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The Majaga Saga Continues

LESEGO NSWAHU NCHUNGA
What a time to be alive! Parliament and the principle of innocent until proven guilty.

In an embarrassing turn of events, upon his return to Parliament and on  September 16,  2020, Polson Majaga read a statement opposing the Botswana Child Rights Network petition.

There are many embarrassing parts of the statement. The one I will focus on is the cheap cop-out our leaders love to use. My focus on it, is with a view to offer clarity on the legal principle, so as not to mislead people in the ways our Parliament does; and to illustrate the ways in which our Parliament misuses this particular legal principle where defilers they know, are concerned, so that they, as Parliament, avoid being held accountable for breaking bread with rapists, defilers, batterers and abusers.  In his statement, Majaga alleges that the petition encouraging him to step aside from his duties as Member of Parliament, until such a time that his matter is concluded, is “malicious and defamatory … casting aspersions on his dignity”. He goes further to say the case against him is sub judice and he will not speak on it.

What is correct, is indeed that a matter before a judicial body shall not be the subject of a public debate of any sort. To say that there is a matter before a judicial body, is not prohibited, as that is public knowledge. That is the first challenge one would note in Majaga’s statement: that in being misguided, it in fact lacks context. Having listened to the reading of the Network’s petition read by Dr. Gobotswang, it is clear that the Network referred to there being a case before a Magistrate’s Court, against Majaga, for defilement. The Network went further to say because of such a case being before a court of competent jurisdiction and one which is trusted to adequately carry out its mandate, the Network would not discuss the details of the case. Instead, the Network encouraged the MP to take a step back, to put his house in order, and conclude the case against him. 

The practice of having someone against whom there is an ongoing case, suspended from work, while investigations and the case are ongoing, is a general practice, in various areas of employment. Its implementation, to my understanding, has nothing to do with the innocence or guilt of the alleged perpetrator, or employee who has been suspended. The practice is referred to as “cautionary suspension”, and is accompanied by benefits. The practice bears in mind that indeed, as in the criminal justice system, a person is innocent until the contrary is proven against them. The Network, in my view, were therefore well within their rights and the law, in submitting that a leader, against whom a case of a crime as serious as defilement, has been levelled, should therefore allow the wheels of justice to turn undisturbed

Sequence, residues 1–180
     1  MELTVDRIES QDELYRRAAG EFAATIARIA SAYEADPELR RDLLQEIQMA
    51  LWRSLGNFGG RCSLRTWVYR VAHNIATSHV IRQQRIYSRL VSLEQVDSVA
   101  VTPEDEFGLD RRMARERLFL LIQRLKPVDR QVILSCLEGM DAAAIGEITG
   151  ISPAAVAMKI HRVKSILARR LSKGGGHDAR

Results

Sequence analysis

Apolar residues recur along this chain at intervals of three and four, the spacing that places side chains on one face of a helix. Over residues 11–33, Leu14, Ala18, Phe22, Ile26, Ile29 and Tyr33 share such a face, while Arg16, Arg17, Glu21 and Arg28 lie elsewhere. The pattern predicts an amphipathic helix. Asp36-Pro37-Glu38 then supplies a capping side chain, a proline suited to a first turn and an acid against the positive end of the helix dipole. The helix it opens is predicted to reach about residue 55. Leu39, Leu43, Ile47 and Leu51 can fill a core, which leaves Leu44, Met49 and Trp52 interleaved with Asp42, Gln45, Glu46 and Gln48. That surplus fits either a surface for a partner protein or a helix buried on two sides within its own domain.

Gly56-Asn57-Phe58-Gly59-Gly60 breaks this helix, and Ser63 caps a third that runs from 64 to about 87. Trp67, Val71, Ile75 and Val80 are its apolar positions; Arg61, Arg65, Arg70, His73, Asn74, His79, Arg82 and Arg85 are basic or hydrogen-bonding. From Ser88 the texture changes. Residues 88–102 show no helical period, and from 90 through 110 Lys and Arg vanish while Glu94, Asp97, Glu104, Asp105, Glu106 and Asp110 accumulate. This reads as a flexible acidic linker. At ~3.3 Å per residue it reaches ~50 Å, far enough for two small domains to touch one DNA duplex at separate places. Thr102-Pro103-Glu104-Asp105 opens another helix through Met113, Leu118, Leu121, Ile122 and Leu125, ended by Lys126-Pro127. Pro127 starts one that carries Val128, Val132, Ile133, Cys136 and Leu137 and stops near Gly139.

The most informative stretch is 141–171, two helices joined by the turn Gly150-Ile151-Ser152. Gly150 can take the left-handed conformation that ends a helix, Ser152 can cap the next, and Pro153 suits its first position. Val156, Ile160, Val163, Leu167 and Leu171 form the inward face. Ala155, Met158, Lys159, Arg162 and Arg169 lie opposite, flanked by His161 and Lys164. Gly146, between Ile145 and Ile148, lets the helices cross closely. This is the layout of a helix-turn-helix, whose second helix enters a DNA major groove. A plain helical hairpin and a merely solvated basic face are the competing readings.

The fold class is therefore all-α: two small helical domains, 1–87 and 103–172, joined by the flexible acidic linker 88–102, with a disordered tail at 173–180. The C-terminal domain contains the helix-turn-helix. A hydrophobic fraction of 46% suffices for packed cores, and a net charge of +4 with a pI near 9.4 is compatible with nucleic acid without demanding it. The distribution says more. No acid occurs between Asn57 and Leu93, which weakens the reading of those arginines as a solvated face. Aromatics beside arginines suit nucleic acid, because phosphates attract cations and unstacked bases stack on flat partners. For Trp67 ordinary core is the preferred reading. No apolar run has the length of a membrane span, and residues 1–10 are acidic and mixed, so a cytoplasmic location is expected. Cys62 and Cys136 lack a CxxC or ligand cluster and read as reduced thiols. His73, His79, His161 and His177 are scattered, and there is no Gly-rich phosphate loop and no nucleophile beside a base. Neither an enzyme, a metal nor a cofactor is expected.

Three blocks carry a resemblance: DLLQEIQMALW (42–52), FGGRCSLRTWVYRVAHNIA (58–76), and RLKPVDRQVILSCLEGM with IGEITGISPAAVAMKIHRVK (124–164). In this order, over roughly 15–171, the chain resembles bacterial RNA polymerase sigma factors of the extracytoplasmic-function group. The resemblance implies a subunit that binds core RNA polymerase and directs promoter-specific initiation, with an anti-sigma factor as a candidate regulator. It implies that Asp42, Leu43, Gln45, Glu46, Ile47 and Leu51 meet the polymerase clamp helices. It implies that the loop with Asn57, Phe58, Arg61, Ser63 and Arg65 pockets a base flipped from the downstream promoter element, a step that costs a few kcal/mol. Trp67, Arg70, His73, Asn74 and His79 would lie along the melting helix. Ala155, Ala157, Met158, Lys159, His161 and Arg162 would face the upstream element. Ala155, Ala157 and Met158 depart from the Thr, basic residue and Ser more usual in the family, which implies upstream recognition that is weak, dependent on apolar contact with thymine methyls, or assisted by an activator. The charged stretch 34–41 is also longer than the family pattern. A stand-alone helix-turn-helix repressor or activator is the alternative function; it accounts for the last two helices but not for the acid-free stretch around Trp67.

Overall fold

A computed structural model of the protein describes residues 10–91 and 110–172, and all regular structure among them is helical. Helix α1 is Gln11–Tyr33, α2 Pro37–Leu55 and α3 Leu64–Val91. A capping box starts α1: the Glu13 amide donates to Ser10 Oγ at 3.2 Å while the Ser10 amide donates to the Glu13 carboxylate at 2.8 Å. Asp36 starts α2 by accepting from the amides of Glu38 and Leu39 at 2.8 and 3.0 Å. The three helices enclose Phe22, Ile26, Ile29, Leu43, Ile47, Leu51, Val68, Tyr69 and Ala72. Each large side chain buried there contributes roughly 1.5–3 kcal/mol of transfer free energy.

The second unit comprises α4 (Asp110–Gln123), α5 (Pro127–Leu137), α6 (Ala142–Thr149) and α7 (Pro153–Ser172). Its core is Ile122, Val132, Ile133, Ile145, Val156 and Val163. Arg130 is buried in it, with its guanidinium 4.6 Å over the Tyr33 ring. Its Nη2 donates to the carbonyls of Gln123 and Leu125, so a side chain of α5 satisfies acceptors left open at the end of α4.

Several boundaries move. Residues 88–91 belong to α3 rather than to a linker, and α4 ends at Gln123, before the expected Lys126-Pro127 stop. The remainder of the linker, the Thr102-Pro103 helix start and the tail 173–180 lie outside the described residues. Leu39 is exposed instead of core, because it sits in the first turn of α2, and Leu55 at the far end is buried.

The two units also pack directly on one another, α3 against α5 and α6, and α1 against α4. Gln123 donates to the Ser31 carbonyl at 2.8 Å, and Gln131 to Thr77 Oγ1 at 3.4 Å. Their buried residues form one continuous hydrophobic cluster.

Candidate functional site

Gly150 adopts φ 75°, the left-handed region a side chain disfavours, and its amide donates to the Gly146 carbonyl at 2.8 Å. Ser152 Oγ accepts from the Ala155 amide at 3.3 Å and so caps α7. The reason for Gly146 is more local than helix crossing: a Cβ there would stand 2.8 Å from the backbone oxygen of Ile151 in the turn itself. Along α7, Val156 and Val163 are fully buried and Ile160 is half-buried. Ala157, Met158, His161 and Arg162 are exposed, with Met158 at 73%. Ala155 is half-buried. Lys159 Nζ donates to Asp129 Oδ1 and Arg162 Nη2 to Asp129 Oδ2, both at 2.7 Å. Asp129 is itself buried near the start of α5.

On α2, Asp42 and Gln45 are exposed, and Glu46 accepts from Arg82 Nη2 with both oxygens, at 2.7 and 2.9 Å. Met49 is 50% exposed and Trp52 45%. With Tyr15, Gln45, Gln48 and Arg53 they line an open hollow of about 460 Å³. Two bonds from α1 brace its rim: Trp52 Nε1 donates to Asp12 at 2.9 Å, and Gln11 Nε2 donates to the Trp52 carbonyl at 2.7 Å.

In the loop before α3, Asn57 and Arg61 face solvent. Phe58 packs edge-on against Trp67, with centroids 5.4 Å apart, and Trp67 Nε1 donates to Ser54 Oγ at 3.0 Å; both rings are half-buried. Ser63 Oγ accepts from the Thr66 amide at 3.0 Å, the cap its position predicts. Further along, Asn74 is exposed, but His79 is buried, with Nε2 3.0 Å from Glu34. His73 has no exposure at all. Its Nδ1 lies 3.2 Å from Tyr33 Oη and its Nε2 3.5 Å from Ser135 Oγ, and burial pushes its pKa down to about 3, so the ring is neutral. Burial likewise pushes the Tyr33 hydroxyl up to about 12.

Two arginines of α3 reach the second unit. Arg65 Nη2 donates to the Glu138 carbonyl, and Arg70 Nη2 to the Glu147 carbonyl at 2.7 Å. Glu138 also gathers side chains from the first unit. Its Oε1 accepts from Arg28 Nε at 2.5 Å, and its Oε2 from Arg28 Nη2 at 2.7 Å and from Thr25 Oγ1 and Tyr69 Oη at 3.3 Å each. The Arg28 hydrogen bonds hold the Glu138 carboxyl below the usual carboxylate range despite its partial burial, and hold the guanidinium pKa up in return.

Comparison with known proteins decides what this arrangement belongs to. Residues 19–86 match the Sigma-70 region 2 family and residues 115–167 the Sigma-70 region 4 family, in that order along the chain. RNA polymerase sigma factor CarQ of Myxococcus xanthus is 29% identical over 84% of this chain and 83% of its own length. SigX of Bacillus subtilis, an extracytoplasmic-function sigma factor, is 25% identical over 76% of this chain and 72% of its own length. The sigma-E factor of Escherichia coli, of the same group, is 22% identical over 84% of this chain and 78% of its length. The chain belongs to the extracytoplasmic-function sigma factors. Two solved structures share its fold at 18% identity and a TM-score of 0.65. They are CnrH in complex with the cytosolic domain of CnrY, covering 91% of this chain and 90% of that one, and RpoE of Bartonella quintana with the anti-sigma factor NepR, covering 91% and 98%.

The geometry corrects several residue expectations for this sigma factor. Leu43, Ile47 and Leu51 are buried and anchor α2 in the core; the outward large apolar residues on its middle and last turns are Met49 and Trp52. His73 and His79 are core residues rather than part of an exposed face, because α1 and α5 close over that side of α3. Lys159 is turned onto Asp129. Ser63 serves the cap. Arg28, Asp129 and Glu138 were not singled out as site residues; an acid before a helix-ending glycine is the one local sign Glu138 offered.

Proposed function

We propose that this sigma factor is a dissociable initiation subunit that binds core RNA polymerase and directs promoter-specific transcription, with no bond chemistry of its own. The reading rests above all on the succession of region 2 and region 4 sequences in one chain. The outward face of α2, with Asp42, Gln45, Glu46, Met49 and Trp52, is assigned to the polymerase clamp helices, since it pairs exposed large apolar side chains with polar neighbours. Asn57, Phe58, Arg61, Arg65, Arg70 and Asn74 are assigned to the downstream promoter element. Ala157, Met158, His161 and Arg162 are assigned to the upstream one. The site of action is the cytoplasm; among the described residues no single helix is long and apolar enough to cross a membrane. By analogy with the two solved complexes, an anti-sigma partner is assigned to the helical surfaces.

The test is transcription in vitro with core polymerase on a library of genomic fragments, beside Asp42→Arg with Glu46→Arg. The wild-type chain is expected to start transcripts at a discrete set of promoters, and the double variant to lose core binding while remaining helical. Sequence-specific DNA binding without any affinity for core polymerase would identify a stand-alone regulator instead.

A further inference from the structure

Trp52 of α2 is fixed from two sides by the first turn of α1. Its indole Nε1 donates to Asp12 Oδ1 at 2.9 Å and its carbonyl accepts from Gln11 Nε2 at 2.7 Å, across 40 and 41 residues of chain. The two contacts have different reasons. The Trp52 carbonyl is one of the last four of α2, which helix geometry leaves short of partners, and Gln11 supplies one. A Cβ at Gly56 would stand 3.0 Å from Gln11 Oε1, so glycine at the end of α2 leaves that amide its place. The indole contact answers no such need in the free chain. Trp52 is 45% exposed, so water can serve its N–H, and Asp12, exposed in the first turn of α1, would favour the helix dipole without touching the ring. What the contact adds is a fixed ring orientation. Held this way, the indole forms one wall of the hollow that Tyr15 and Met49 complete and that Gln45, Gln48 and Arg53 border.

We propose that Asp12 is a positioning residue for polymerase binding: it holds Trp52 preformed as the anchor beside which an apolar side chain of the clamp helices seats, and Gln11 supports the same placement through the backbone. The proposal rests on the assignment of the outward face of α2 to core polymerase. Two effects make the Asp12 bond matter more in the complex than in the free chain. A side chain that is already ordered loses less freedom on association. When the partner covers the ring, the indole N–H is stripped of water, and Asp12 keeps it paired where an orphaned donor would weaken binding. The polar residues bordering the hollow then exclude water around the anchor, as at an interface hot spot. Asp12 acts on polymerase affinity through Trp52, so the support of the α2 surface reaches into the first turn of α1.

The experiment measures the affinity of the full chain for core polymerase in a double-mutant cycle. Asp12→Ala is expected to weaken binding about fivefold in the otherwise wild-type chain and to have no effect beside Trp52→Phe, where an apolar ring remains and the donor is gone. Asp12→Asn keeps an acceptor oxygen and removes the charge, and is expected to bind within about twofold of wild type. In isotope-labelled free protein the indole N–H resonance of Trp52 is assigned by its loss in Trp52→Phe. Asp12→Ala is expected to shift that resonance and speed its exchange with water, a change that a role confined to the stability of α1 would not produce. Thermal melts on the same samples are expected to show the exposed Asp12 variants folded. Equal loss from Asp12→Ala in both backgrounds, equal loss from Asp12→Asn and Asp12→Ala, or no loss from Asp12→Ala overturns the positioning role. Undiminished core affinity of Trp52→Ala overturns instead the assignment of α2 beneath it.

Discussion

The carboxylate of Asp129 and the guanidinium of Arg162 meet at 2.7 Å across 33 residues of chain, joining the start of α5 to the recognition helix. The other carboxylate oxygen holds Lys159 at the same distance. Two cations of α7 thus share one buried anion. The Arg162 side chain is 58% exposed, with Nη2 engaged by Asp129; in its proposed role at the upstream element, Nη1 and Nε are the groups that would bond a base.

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by the possible intimidation of his power. The Network did not go into the merits of the case, nor the possibilities of Majaga’s innocence. It is confusing, to say the least, why those advising Majaga, would suggest to him that anything untoward, was levelled against him, unless they believe him to be above reproach.

The role of the legislature in this sense, is to ensure the prevention of gender-based violence in the society. To this end, anyone accused of a crime of gender-based violence may not effectively engage in the debates which are of paramount necessity, in our society. Such a person should, for the duration of the case against them, take a back seat. Once the matter against them has been concluded, the determination of whether they can continue with their role or not, can then be engaged with. It has nothing to do with an imputed guilt, or trying to take on the role of the judiciary.

What is wrong, however, is allowing a member of Parliament to insult and ridicule civil society unchecked! So let’s check him! Majaga in his statement, defamatorily said the Network is trying to impress funders with their petition. A defilement case is a matter of national concern. It has nothing to do with happy funders. It has everything to do with a need to protect underage youths who are taken advantage of. It also has everything to do with showing the young people that despite the failures of many other adults, there are those who are there to stand for their protection. Majaga also forgets that politicians don’t make themselves, and that he too has “funders” who ensured his ascendance to leadership.

If his funders are impressed by his attempts to gaslight and re-establishing a hierarchy which places civil society in a position of subservience to partisan politics, then he has greater problems than he realises. 

 

For clarity, civil society is the space outside of the family, the market, or the State. As main roles, civil society is a watchdog and does advocacy work. In its role as watchdog, it monitors compliance with human rights treaties and national laws.

This work is done not to report to some external imagined funder; but rather to ensure that what is practised, is what is right. For a long time, the Botswana civil society has stood by and observed as our national leaders failed our people, with speeches that serve only as lip service. It is encouraging to see them stepping into their role, beyond service provision, and calling out problematic leaders. This re-politicisation of the civil-society, and its new found fearlessness, has long been awaited! Majaga is right about one thing – he should be fearful of them. I don’t see these ones backing down! What a time to be alive!



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